• Shenny Solis

    For my line of work and how I use social media, pablo would be AHHHmazing, if it had the functionality of videos and text. I mean, almost like an editing tool for videos and photos. Nothing too crazy, it doesn’t have to turn into Final Cut Pro but say for instance I have a good shot of something and 2-3 pictures to go with it; I’d love to be able to quickly, simply and effectively make a 15 sec video with some text to go along with it. That would be outstanding! I saw the promo for Pablo, it does have a tremendous amount of potential. Continue to learn and reflect and I see Buffer being onto something great. For now, Pablo is just a tad bit under developed, however you’re lucky to have users that want to see you grow ;) Great job Buffer! Also when are you guys going to add Instagram?

    • Roy Olende

      Shenny, wow — awesome insights here! I can totally see how a simple video tool could make your life easier.

      Right now we’re working to make Pablo a really awesome tool, and perhaps sometime down the road we might be able to tackle your idea!

      And oh, one last one…we’re definitely hard at work trying to figure out how we could help users with Instagram. Hang tight!

  • Gareth Cotten

    Some insightful reflections here, Roy, nice one! I know you may well still away, but great piece to tee up your family leave with :-)

    Building on your lesson that Pablo was seen primarily as a ‘quote image’ creator, have you considered offering options for other common text-over-a-pic permutations? For example, having the option to use it to create memes – I currently used Memegenerator, which is functional, but uuuugly. Maybe another one where you’re able to layer over some SnapChat-like text over a pic (considering the rate that SnapChat uptake is growing)?

    Also, random observation, but now, when you search Google for ‘Pablo’, Pablo Escobar now pips Pablo Picasso as the first auto-suggestion. Just to show the power of current interest in the former compared to the eternal fame of the latter…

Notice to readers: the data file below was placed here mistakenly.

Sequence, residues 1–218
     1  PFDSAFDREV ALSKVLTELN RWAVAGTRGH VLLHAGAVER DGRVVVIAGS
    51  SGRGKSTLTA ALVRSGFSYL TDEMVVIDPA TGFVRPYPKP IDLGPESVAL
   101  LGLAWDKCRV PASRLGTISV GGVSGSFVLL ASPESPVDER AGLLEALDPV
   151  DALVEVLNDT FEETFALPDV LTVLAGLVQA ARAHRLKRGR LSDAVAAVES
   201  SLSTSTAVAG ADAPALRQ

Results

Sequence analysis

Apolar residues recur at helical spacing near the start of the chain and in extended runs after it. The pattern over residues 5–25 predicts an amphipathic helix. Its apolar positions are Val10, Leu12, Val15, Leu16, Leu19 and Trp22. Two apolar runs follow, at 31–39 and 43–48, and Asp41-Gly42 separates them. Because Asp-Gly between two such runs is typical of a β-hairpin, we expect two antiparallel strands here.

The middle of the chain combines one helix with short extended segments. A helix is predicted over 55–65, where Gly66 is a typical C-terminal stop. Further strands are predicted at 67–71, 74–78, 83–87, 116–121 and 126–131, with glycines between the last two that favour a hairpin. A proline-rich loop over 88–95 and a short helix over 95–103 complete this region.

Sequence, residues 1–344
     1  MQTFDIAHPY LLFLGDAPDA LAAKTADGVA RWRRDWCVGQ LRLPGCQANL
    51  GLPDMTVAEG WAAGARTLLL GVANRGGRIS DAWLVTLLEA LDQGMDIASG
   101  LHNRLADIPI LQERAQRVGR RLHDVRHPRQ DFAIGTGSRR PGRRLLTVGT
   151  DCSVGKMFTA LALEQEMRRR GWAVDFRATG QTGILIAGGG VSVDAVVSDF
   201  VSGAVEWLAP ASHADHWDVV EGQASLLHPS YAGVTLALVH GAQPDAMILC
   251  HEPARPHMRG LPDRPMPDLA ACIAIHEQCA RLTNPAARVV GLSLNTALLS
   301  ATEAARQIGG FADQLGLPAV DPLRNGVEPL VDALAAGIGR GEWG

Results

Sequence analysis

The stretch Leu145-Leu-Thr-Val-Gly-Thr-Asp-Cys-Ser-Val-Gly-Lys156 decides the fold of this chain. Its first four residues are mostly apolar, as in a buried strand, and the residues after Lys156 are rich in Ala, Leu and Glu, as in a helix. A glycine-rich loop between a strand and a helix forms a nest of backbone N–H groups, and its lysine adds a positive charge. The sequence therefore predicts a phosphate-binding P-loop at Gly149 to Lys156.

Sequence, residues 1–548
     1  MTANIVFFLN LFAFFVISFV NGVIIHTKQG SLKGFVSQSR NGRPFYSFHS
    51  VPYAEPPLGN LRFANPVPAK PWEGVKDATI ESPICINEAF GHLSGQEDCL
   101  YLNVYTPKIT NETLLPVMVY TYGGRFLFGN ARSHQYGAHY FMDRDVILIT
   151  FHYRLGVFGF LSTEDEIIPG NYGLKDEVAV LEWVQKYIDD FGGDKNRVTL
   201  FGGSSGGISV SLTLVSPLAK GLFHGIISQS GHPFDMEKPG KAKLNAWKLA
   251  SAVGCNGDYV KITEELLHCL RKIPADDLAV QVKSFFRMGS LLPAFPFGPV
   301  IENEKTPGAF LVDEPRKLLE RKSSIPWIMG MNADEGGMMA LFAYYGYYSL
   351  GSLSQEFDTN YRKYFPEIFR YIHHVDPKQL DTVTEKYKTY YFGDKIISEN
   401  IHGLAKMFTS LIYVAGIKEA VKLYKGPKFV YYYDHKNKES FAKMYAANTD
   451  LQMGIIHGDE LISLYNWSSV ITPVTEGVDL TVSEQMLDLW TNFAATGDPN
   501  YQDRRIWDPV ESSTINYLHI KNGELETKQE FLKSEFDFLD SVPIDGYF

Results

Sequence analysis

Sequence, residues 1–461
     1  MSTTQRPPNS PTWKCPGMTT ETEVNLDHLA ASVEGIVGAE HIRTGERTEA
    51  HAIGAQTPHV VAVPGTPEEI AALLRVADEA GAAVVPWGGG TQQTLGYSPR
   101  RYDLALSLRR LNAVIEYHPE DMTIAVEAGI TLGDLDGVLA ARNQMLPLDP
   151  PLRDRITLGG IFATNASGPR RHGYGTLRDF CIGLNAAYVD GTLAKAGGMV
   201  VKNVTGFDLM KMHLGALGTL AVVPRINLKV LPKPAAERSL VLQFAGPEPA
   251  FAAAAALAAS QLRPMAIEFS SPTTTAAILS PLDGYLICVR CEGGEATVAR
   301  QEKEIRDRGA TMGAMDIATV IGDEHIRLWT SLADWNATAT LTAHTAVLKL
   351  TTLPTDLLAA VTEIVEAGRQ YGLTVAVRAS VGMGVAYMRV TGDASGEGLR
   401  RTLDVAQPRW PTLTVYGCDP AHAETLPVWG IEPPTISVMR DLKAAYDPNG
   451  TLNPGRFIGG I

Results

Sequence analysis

• Roy Olende

      Hey Gareth, nice note on the Google search! :)

      Awesome insight. We’re definitely looking to expand the use cases and I foresee that you’ll soon be able to use it to create memes. :)

  • Would love Pablo to integrate with all the free stock photo sites.

    • Roy Olende

      Apologies for my slow reply here Joshua — I just got back from a month-long paternity leave.

      Yes, love this thought! We’re currently looking at broadening out library, so this falls in line with where we’re headed. Thanks!

  • Sylvia

    Roy, nice to meet you! Thanks for sharing about your process. I started using Pablo but ran into a few glitches, of course, a Buffer Happiness hero got in touch with me quickly but I think it couldn’t be resolved right away. I definitely like using it and had thought I would use it much more than I have, but that is probably just due to life and work getting so busy that I haven’t been personally posting as much :) Always great to see Buffer’s growing curve, and all the people and companies you’ve learned from – it gives me a lot of reflect on and integrate into my own thinking!

    • Roy Olende

      Hey Sylvia, thanks for these kind words! Glad to share the process. :)